The software plots a user's location - marked by a personal picture on Google's map - by relying on cell phone towers, global positioning systems or a Wi-Fi connection to deduce their location. The system can follow people's travels in the United States and 26 other countries.

It's left up to each user to decide who can monitor their location.

The social mapping approach is similar to a service already offered by Loopt Inc., a 3-year-old company located near Google's Mountain View headquarters.

Loopt's service is compatible with more than 100 types of mobile phones.

To start out, Google Latitude will work on Research In Motion Ltd.'s BlackBerry and devices running on Symbian software or Microsoft Corp.'s Windows Mobile. It will also operate on some T-Mobile phones running on Google's Android software and eventually will work on Apple Inc.'s iPhone and iTouch.

To widen the software's appeal, Google is offering a version that can be installed on personal computers as well.

The PC access is designed for people who don't have a mobile phone but still may want to keep tabs on their children or someone else special, Lee said. People using the PC version can also be watched if they are connected to the Internet through Wi-Fi.

Google can plot a person's location within a few yards if it's using GPS, or might be off by several miles if it's relying on transmission from cell phone towers. People who don't want to be precise about their whereabouts can choose to display just the city instead of a specific neighborhood.

There are no current plans to sell any advertising alongside Google's tracking service, although analysts believe knowing a person's location eventually will unleash new marketing opportunities. Google has been investing heavily in the mobile market during the past two years in an attempt to make its services more useful to people when they're away from their office or home computers.

Newsday: College seen as key, cost as barrier

College seen as key, cost as barrier
  Feb 4, 2009 Newsday  

By Karla Schuster

More than half of Americans believe that it's impossible to succeed without a college education, but an even larger number say that rising college costs are shutting out many students, a national survey has found.

As the nation's economic crisis deepened last year, frustration over tuition costs went up, with 67 percent of adults saying that many qualified students don't have the chance to attend college, according to the survey called "Squeeze Play 2009" that gauges public perceptions about higher education.

By comparison, 62 percent of adults felt that way in 2007, and just 57 percent did in 2003, according to the survey by the nonpartisan, nonprofit groups Public Agenda and the National Center for Public Policy and Higher Education.

"College is simultaneously being perceived as more essential than ever, but also less available than ever," said John Immerwahr, a researcher at Public Agenda, which conducted a telephone survey of 1,009 adults nationwide over five days in December.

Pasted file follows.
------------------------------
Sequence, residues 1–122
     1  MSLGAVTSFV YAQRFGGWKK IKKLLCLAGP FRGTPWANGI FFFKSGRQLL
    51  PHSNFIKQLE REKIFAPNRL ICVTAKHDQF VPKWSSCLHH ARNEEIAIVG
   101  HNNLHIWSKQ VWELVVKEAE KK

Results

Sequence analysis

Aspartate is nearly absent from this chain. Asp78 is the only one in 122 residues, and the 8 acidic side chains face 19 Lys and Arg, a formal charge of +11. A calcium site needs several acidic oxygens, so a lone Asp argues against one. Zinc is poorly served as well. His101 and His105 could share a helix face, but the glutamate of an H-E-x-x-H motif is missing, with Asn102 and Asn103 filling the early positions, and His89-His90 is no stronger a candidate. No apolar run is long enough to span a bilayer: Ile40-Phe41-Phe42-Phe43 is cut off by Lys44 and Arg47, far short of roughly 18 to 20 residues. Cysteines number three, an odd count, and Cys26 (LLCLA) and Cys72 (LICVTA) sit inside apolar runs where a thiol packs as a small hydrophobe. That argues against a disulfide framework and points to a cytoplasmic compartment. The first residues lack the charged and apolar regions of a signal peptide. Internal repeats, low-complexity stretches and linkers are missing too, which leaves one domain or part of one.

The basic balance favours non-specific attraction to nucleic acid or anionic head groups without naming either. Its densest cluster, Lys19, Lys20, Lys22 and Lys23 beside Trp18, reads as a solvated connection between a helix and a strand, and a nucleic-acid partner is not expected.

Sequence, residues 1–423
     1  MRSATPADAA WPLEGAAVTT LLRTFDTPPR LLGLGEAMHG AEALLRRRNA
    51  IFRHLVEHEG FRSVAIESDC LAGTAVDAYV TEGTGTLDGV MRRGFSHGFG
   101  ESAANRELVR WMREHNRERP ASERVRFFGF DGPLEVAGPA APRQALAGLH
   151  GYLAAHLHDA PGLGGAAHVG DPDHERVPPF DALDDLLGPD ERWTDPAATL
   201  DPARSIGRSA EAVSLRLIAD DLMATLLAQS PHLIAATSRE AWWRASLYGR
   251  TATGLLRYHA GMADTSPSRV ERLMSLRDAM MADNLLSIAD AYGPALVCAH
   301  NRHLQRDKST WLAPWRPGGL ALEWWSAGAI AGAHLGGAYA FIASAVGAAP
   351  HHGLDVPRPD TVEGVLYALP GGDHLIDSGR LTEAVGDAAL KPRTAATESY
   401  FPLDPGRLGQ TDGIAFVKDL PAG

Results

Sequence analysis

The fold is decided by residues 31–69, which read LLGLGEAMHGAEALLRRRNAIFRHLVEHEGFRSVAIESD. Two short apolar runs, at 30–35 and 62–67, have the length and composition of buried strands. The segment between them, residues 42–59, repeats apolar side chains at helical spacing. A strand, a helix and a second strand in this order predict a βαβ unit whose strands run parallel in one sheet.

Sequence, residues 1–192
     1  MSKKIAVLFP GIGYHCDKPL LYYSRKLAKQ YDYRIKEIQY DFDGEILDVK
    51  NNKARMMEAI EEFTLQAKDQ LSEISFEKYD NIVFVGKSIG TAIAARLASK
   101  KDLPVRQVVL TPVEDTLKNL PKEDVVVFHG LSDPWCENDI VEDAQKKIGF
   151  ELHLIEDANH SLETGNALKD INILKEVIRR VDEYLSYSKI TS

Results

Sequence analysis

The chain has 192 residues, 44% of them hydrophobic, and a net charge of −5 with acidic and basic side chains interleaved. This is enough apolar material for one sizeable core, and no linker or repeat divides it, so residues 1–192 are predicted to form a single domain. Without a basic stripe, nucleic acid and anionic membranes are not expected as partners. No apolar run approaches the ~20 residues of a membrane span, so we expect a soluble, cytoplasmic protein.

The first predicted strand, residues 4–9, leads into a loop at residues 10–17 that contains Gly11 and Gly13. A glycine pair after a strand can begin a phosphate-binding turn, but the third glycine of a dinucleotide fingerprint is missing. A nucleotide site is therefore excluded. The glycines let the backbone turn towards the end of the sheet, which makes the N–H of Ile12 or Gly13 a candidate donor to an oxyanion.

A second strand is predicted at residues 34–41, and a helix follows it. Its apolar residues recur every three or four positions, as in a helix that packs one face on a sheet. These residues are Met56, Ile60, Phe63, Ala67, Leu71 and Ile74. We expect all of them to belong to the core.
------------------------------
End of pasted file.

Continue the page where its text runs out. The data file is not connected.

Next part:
The survey also highlights a dramatic shift in public attitudes about financial aid that tracks with the spiraling economy: Sixty-seven percent of those surveyed strongly believe that students have to borrow too much to pay for college, compared with 60 percent in 2007.

Over the same period, the number of people who think loans and financial aid are readily available went down to 57 percent in 2008, compared with 67 percent last year.

"A lot of parents say it's really getting out of control - if you want to send your kid to a private college, it gets very expensive," said Denyse Dreksler of Roslyn, who has one son in law school, another in a graduate nursing program and a third in high school.

College officials say the worst mistake families can make is assuming they can't afford higher education.

"We tell parents ... don't focus so much on the sticker price," said Joanne Graziano, assistant provost for enrollment services at the C.W. Post Campus of Long Island University in Brookville. "You can still qualify for types of aid that will reduce that sticker price to a net cost that is manageable."

However they pay for college, families seem skeptical about whether the cost is justified, the survey found. Fifty-five percent of those surveyed said colleges care more about the bottom line than providing a good educational experience. Just about the same proportion, 53 percent, believe colleges could spend less and still provide high-quality services.

"There's an openness to innovation and a belief that quality isn't defined in all the ways we have defined it in the past," said Patrick M. Callan, president of the National Center for Public Policy and Higher Education. "People believe we can do better with the resources we have."

Tuition squeeze

Some highlights from the Squeeze Play 2009 national survey on college costs:

55 percent of those surveyed believe that a college education is necessary for success, compared to 31 percent in 2000.

67 percent strongly believe students have to borrow too much to pay for college, compared to 56 percent in 2000.

Only 29 percent believe that the vast majority of people who are qualified to attend college have the chance to do so, compared to 45 percent in 2000.

SOURCE: Public Agenda and the National Center for Public Policy and Higher Education.



Wednesday, January 28, 2009

Google enables off-line gmail

McHenry County: College for free, but not a free ride; Volunteering a key part of program that pays tuition

College for free, but not a free ride; Volunteering a key part of program that pays tuition
  Jan 28, 2009 Chicago Tribune  

By Carolyn Starks